Archives for posts with tag: parenting

I’m not exactly sure how this happened, or, frankly, when it happened. Last thing I remember, Grayson was just a little fellow who could barely muster a few words. Sure, he was kicking a ball around, thinking he was going to be the next (only?) savior of US Soccer. But, today? Well, today he’s kicking the soccer ball with gusto. Celebrating by yelling GOOOOAAAL and throwing his hands up, or lifting up his shit to reveal his belly (a soccer goal celebration as good as any). Today, he’s starting to say complete sentences (“I kick,” counts people.) He knows all the sounds animals make, and letters and numbers, and just random shit like that.

Can he tell us after he’s pooped? Yes. I’m not sure what good that does me after the fact, because the smell more than let’s me know what has happened, but it’s important people say.

His development is rapid, and it’s pretty mind-blowing that he (and kids this age in general) can soak up so many things. At some point, we need to stop cursing in front of him, because I’m pretty sure he already says shit.

He definitely gets frustrated, though, not being able to vocalize the things that he wants. Yes, he knows sign language, but that doesn’t really help with things like, “Dad, this sandwich sucks. Can I get some chicken?” Really, the sign language is good for getting girls to think he’s blowing kisses at them (when he’s actually saying “thank you”).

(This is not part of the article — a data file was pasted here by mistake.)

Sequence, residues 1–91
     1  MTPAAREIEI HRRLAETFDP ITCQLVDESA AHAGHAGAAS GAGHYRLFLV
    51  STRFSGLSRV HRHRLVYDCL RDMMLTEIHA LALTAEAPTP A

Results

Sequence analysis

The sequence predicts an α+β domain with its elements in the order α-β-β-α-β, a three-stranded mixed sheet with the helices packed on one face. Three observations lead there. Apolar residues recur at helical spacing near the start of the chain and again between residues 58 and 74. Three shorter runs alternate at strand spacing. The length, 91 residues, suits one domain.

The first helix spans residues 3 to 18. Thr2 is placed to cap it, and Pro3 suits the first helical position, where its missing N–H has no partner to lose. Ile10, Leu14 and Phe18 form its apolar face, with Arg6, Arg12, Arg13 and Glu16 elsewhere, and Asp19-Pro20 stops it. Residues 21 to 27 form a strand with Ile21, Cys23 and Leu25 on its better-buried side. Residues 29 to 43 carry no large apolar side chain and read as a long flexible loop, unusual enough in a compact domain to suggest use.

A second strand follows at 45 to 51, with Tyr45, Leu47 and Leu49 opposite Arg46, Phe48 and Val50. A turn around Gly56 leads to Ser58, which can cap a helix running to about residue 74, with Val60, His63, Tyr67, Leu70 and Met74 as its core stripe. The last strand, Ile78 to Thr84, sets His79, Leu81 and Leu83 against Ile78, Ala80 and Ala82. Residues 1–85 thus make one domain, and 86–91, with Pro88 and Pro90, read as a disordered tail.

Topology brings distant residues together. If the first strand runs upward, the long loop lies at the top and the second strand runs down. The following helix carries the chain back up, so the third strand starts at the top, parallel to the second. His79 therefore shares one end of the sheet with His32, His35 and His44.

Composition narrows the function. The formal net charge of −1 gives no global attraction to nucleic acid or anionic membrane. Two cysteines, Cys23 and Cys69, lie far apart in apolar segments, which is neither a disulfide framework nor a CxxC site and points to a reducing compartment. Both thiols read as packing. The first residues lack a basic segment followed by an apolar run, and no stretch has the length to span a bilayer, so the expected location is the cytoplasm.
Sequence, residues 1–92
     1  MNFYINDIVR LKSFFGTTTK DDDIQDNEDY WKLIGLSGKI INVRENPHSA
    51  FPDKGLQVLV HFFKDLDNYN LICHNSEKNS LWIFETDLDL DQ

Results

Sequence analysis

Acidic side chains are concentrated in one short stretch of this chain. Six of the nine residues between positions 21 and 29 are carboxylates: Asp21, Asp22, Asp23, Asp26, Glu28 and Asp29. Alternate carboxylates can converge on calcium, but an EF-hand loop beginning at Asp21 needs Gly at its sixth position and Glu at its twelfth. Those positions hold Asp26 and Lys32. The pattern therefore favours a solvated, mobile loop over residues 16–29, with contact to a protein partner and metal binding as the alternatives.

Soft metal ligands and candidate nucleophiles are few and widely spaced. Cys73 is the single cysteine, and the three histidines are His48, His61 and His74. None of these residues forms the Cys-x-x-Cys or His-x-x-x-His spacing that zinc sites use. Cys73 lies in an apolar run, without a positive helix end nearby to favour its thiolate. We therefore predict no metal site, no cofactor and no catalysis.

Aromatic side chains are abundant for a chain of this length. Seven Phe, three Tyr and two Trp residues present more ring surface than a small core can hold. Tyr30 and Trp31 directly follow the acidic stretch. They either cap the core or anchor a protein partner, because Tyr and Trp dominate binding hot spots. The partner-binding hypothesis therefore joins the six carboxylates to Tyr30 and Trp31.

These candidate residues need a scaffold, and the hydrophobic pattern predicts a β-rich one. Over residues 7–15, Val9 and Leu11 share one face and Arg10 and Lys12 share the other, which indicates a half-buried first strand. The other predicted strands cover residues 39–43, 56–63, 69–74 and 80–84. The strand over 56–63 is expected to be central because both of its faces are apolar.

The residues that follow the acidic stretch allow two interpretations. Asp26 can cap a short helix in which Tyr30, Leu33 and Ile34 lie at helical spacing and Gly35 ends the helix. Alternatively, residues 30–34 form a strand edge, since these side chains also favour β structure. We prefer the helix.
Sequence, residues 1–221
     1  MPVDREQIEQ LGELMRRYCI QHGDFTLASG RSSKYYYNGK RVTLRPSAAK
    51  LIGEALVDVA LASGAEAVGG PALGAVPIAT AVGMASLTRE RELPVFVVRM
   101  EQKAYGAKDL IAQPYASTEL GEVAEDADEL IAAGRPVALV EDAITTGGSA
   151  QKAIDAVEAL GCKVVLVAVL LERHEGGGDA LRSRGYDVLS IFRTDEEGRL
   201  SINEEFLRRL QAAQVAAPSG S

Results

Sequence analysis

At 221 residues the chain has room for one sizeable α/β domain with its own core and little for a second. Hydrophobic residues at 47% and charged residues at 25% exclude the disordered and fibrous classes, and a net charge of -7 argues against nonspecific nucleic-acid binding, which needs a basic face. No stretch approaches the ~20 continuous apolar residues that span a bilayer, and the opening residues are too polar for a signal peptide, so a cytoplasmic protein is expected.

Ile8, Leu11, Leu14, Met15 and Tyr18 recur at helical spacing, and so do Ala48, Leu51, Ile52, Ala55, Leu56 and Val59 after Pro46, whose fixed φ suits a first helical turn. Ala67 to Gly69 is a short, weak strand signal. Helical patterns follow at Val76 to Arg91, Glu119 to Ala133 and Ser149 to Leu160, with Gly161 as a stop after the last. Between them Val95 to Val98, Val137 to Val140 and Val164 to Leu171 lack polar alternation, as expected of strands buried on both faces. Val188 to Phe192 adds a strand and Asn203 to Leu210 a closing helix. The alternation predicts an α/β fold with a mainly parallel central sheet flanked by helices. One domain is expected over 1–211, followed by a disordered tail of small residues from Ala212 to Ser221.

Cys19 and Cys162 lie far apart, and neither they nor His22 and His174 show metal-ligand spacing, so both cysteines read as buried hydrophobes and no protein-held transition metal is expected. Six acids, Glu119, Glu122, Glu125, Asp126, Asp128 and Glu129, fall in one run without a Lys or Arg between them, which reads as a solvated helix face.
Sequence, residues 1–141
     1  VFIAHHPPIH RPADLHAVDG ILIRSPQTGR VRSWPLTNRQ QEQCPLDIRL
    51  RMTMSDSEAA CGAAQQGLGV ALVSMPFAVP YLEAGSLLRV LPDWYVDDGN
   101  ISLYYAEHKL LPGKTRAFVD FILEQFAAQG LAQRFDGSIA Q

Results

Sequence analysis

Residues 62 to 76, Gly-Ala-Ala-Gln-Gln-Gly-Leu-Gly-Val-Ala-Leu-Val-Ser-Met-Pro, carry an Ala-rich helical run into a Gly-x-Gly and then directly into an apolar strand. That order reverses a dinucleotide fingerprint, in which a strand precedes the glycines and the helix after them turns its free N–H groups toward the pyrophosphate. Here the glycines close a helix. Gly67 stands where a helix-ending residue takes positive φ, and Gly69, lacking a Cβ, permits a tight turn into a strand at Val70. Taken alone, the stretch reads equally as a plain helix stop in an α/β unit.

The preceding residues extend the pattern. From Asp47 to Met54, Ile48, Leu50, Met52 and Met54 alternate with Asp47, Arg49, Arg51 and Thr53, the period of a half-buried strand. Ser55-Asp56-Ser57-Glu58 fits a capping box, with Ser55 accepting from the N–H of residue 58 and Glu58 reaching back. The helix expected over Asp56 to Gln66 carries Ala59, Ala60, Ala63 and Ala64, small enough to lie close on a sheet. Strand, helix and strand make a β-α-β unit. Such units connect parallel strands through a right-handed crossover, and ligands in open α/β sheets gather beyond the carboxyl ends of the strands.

I do generally like to talk about things that he likes, so I can give friends and readers a heads up on what they need to be buying their kids. The problem here is that for the most part, as long as he has a soccer ball around, he’s perfectly fine. It’s the damnedest thing, but 70% of the time, he’s perfectly content with having a ball. The other 20%, he wants a book. And, the other 10% it’s a complete crapshoot.

His reading list consists of, all of the Brown Bear, Brown Bear series, Goodnight Moon still, the Dr Seuss hits (Cat in the Hat, Green Eggs and Ham, Fox in Sox, One Fish Two Fish Red Fish Blue Fish, Mr. Brown Can Moo), Where the Wild Things Are, and a couple of really random books. If I hear “Elmo can use the potty!!” one more time…

While I’ve allowed him to sneak Arsenal matches, and football, baseball, basketball games since he was old enough to lift his head, we’ve just started to introduce actual TV. Perhaps this is because of laziness, or perhaps our hippie San Francisco ways are almost completely drained, I’m not sure. But, he’s started watching this show Chuggington on Disney Whatever It’s Called Now.

And, really, that’s about it right now. The kid is just awesome. We cannot get enough of him, and I think he feels the same way.

Grayson is a funny little guy. He’s also a surprising little guy. I’m always shocked at how he develops, and watching his development is one of the best part of being a parent. But, you can’t help but to worry when you’re friends with other parents on Facebook, and in life (weird that I thought of Facebook before real life), and you see them make posts about their children doing things yours aren’t. The one that always bugged me the most was, “So and so took 5 steps today!” “My kid stood all on his own and took 4 steps.”